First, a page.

Comparing smoking habits and tobacco-related education between Canadian and Greek medical students
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Faculty of Medicine, Democritus University of Thrace, Alexandroupolis, Greece
Faculty of Medicine, University of Thessaly, Larisa, Greece
Publication date: 2014-06-06
Corresponding author
Georgios-Marios Pantsidis   

Faculty of Medicine, Democritus University of Thrace, Alexandroupolis, 68100, Greece
Tobacco Induced Diseases 2014;12(Suppl 1):AA5
According to a survey on Canadian medical students’ smoking habits and beliefs, the key results show that the prevalence of smoking among the future healthcare professionals is high and they lack of tobacco-related education [1]. Last year a similar survey was conducted at Democritus University of Thrace [2]. Its findings show that there is difference in smoking habits between the two students’ groups, but their tobacco-related education is equally poor.

In both researches participated undergraduate students who completed a questionnaire about their smoking habits, attitudes and education level towards tobacco cessation interventions.

The prevalence of cigarette smoking among Greek medical students is higher than the Canadians (24% vs. 3.3%). Although Canadian students smoke, also, other tobacco products (cigars, water pipe), the total prevalence is 15.3%. 65.5% of the Greek medical students report that they had ever tried cigarettes, but only 29.9% of the Canadian students make a same statement. Both students groups reported that they have moderate levels of education concerning tobacco-related subjects and cessation techniques. Only 8.1% of Greek and 10% of Canadian medical students report that they had ever received trainings in smoking cessation methods. Finally only a small percentage seems to be familiar with the cessation guidelines and only a few students are aware of the fact that they lack knowledge to help their patients cease smoking.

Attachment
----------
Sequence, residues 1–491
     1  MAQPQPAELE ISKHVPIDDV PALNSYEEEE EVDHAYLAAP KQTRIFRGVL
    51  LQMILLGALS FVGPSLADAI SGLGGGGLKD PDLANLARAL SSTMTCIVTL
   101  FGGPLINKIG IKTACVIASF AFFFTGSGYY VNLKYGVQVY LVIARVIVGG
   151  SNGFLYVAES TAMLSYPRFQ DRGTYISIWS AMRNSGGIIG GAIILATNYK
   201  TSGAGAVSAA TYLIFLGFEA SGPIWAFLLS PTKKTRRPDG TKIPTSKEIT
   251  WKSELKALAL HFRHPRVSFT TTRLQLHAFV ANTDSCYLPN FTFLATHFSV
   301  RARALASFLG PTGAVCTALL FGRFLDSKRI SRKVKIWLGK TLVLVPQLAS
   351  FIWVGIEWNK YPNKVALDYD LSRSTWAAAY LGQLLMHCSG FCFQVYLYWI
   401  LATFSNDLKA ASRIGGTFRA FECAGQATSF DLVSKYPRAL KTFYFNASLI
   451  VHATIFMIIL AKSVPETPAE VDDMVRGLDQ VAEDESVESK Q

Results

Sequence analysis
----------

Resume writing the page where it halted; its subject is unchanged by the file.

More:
The prevalence of cigarettes smoking among Greek medical students is significantly higher. Also the tobacco-related education in both countries is equally poor. It is desperately necessary to enhance the medical schools’ curricula with courses regarding smoking issues, since future physicians have a key-role in tobacco cessation and prevention.

Vanderhoek AJ, Hammal F, Chappell A, Wild TC, Raupach T, Finegan BA: Future physicians and tobacco: An online survey of the habits, beliefs and knowledge base of medical students at a Canadian university. Tobacco Induced Diseases. 2013, 11 (1): 9-10.1186/1617-9625-11-9.
Pantsidis GM, Papageorgiou DI, Bouros D: Smoking habits, attitudes and training among medical students of the Democritus University οf Thrace. Pneumon. 2012, 25: 208-218.
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